Robert Basic's blog

Archives for August, 2016

Events in a Zend Expressive application

by Robert Basic on August 04, 2016.

Three weeks ago I wrote a post on how to utilize Tactician in a Zend Expressive application. Today I want to expand on that post a little by adding the possibility to trigger and listen to events using the Zend EventManager component.

Using events allows our application to respond to different events that occur during a request. For example, when a user registers a new account, our application can trigger an event, UserRegistered, that can let the rest of our application know when a new registration happens. With the help of the EventManager we attach listeners to that event. When the UserRegistered event is triggered, the event manager will invoke all the listeners that are listening to that particular event.

This allows for a better separation of concerns in some cases, because if we take this approach, our code that deals with registering new users doesn’t care any more what happens after that — do we send out a welcoming email to the user, a notification to the site admins, create a log entry somewhere… It just registers a new account, triggers the event and that’s it.

Let’s see some code

As I mentioned earlier, this post expands on my previous post, so all we are going to add is an event that gets triggered when the Ping command is handled, an event listener that listens to that event and wire it all together with the event manager.

Let’s include the Zend EventManager in our project with composer:

$ composer require zendframework/zend-eventmanager

Next we expand the factory for the Ping command handler. We create an EventManager object that we will pass to the Ping command handler, so that we can trigger events:


diff --git a/src/App/CommandHandler/PingFactory.php b/src/App/CommandHandler/PingFactory.php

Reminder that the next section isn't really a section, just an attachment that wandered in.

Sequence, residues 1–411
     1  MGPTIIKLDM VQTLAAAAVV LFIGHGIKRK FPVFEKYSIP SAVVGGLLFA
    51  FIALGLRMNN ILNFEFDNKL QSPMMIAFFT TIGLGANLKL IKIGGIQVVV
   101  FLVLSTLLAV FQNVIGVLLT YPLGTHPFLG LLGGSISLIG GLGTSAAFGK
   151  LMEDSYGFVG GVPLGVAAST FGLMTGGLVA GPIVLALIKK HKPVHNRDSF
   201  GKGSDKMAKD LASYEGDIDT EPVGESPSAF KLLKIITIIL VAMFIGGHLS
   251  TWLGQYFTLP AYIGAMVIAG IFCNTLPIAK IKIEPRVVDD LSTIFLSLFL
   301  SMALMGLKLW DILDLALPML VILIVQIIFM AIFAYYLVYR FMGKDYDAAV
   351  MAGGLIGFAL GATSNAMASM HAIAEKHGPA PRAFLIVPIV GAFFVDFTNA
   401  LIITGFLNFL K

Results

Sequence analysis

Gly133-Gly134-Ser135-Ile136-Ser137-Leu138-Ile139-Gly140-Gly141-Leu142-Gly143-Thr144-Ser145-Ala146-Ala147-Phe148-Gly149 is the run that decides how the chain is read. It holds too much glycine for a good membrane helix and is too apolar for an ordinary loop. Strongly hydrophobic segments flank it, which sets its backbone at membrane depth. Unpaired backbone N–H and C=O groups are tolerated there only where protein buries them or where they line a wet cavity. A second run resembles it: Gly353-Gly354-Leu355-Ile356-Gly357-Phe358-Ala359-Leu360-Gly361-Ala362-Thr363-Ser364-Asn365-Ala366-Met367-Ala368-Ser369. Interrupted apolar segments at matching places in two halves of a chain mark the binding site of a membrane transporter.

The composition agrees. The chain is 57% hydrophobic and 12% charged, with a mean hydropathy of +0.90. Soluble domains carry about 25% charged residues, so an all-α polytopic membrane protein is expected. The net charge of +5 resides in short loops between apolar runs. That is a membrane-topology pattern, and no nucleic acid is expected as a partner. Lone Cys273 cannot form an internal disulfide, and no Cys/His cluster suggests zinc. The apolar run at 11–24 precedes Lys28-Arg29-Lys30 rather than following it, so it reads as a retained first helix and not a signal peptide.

index e995d1a..0737631 100644
--- a/src/App/CommandHandler/PingFactory.php
+++ b/src/App/CommandHandler/PingFactory.php
@@ -3,6 +3,7 @@
 namespace App\CommandHandler;
 use Interop\Container\ContainerInterface;
+use Zend\EventManager\EventManager;
 class PingFactory
@@ -10,6 +11,11 @@ class PingFactory
         $logPath = '/tmp/ping-command.log';
-        return new Ping($logPath);
+        $events = new EventManager();
+        $events->setIdentifiers([
+            Ping::class
+        ]);
+        return new Ping($logPath, $events);

Later on we will use the same event manager to attach event listeners to our events.

In the Ping command handler we use the event manager, that we pass in as a constructor argument from the ping command handler factory, to trigger events:


diff --git a/src/App/CommandHandler/Ping.php b/src/App/CommandHandler/Ping.php
index 538e3af..9768738 100644
--- a/src/App/CommandHandler/Ping.php
+++ b/src/App/CommandHandler/Ping.php
@@ -2,15 +2,19 @@
 namespace App\CommandHandler;
+use Zend\EventManager\EventManagerInterface;
 use App\Command\Ping as PingCommand;
 class Ping
     private $logPath;
-    public function __construct($logPath)
+    private $events;
+    public function __construct($logPath, EventManagerInterface $events)
         $this->logPath = $logPath;
+        $this->events = $events;
     public function __invoke(PingCommand $pingCommand)
@@ -18,5 +22,12 @@ class Ping
         $commandTime = $pingCommand->getCommandTime();
         file_put_contents($this->logPath, $commandTime . PHP_EOL, FILE_APPEND);
+        $params = [
+            'command_time' => $commandTime,
+            'event_time' => time(),
+        ];
+        $this->events->trigger('ping_command_handled', $this, $params);

The main part is the call to the trigger method on the event manager. The first argument, ping_command_handled, is the event’s name. We will use that event name to attach to it later. The second argument is the target of the event and usually it’s the object instance that triggers the event. Finally with the third argument we can send out optional parameters with the event which we can access in our event listeners.